I figured I’d switch gears from embroidery and touch on a topic that has been rather popular for my readers; Roman footwear. I should note that when I started typing this article I had intentions of providing all the steps in one post, but I’m barely halfway through and it’s already over 1000 words. So, I’m breaking it into a couple different articles; beginning with the pattern making process, followed by the calcei construction, and I’ll even be throwing in a Roman-related giveaway.
My previous articles talked about the construction of a pair of Roman Caligae (shown on left), Calcei, carbatinae, and trying out a duct tape pattern. I said I’d post an update when we had the patterns cut out of leather and it’s been a year and a half soooo, better late than never! As per usual, Ryan works faster than I can photograph, so excuse the gaps in pictures, but I’ll try to include links to the sources we referenced while constructing this pair.
Back tracking a bit, there were quite a few ‘newbie’ problems with the caligae; They turned out way too big, the hobnails went in crooked, and they had shifting inner soles. Live and learn. We had never made leather shoes before, but we at least know to not make the same mistakes twice. We opted for the duct tape pattern for the next pair, in this case the Calcei. I’m sure professional shoe makers are probably laughing at our duct tape method, but honestly it’s quick, effective, easy, and above all else, it’s a very custom fit. Plus, this is a hobby for us and I have no intention of becoming a professional shoe maker.
Calcei Duct Tape Pattern
As I said, the second pair completed was a pair of Calcei. It’s a roman military cold weather boot. In hindsight we really should have started with these due to the ease of construction and uncomplicated design compared to caligae. It’s a more ideal style for beginners to try in order to get used to forming leather into a 3-dimensional shape. I left off on the step of drawing the design on the duct tape form. . .
Once you have the design drawn onto the duct tape, you cut it out. The way you do this is by slicing out exactly where your sole was and cutting the pattern open along the green line shown above (The green line being the visual center of your foot). The pattern should lay [relatively] flat though there will be some puckering around the toe areas. Try to ignore that as much as possible. You’ll want some heavy duty card stock or thick paper (bristol board works well) to trace the duct tape pattern onto. I should also mention that while you’re cutting and tracing, be sure not to rub off your calibration marks and to freshen them up if they begin to fade. Once you have them traced onto your card stock pattern you’ll be safe, but until then, make sure not to let them disappear.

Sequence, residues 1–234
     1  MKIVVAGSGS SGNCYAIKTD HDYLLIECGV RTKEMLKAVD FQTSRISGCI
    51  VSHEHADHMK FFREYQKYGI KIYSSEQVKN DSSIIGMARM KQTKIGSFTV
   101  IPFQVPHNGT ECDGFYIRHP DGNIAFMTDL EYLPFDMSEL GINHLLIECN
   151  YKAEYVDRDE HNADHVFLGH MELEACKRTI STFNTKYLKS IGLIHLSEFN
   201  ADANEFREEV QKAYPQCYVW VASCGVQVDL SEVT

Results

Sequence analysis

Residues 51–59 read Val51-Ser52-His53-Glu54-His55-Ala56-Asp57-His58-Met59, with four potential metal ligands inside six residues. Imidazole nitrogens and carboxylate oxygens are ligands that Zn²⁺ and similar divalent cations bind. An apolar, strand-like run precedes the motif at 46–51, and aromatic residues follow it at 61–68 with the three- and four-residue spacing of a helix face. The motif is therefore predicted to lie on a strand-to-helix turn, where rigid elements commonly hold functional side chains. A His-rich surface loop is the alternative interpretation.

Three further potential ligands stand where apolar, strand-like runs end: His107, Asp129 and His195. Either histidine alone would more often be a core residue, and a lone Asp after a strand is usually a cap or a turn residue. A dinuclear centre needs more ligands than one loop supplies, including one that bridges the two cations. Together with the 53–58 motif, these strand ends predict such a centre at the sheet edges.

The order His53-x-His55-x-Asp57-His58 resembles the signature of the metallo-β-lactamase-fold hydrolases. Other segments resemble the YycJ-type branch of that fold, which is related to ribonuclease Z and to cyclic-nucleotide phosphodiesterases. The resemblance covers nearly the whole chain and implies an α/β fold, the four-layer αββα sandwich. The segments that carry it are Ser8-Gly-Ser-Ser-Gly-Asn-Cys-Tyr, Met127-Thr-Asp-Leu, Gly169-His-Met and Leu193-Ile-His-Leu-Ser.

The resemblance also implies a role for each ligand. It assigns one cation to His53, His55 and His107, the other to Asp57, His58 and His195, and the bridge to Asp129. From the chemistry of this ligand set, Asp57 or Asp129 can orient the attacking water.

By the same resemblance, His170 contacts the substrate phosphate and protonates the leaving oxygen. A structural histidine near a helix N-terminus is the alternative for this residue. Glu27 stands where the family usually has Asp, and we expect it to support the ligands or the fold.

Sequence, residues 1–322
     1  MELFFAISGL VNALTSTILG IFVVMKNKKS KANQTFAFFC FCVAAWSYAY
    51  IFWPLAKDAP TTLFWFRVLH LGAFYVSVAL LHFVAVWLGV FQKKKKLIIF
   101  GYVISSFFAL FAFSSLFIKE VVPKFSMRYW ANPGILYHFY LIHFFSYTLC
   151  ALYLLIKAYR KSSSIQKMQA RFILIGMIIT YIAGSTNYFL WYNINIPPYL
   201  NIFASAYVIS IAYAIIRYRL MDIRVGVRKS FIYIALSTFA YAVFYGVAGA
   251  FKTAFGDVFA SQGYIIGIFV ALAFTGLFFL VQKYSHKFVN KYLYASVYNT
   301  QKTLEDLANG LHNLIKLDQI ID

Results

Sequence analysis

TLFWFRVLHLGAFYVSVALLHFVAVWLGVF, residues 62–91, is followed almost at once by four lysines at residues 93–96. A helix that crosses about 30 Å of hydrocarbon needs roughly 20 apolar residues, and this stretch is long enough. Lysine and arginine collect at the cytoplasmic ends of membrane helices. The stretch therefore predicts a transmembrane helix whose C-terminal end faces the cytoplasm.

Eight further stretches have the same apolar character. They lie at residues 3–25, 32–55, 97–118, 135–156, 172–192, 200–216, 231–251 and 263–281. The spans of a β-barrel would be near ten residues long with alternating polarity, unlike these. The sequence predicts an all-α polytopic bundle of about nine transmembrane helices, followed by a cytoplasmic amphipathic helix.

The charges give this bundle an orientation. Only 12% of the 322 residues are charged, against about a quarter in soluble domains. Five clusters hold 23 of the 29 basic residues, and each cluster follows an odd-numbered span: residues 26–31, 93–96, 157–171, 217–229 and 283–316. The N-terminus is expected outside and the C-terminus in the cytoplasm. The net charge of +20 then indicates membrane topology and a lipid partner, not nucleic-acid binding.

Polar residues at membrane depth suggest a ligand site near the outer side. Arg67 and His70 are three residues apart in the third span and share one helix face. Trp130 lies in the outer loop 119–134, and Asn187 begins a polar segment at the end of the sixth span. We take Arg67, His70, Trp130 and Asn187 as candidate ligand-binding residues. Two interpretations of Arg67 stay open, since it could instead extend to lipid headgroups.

Chances are you are going to have to make a few minor adjustments to your pattern if the cutting process resulted in some funky edges. Ryan had some issues with the heels of his due to shifting and bending the sole during the duct taping process. You can see below the difference between the duct tape cutout and the final altered pattern.
You will also note the pattern is bigger than the duct tape form. So let’s break it down to what modifications you need to make to your pattern:
1. Smooth out your lines, removing any really odd chunks that got chopped due to an error, like the heel on the right boot on Ryan’s, and make the ankle/top a graceful curve. Be sure to compensate your addition/removal on the sole pattern as well. Also, try to stick to the rule of not deviating from the duct tape pattern by more than 1/4″. (Or you’ll fuck it up!) 😀
2. You need to be able to extend your tabs so if when you press your duct tape pattern flat, the tabs seem to overlap or one gap is larger than another, even them out, but keep them about 1 inch deep. *TIP* I drew one side then used tracing paper to transfer the identical tabs to the other side, making sure they’ll line up when the shoe is closed.* When modifying the tabs, BE SURE not to move the top tab, and that the length of the toe is IDENTICAL, so don’t cut into that at all.
3. Once you’re happy with your shape and lines you can move on to adding to the pattern. DON’T move onto these steps until you’re absolutely sure you’re done tweaking because otherwise you’ll be doing things twice. First thing you’re going to add is the 1 inch extension onto all the tabs.
4. Next add 1/4″ onto the top of the toe for seam allowance.
5. Finally, add 1″ along the entire bottom
Take your time on the pattern because it’s really the most important step. If it’s wrong, all your work will be for a pair of ill-fitting, P.O.S. shoes!
If you have any questions regarding the pattern making process, or pattern modifications feel free to leave your comments/inquiries in the comment section below. Check in regularly for part two in this series and for a chance to win a certain cleansing product used by Ancient Romans!
****UPDATE!!! Check out Part 2 of the Calcei Making Process here!!!****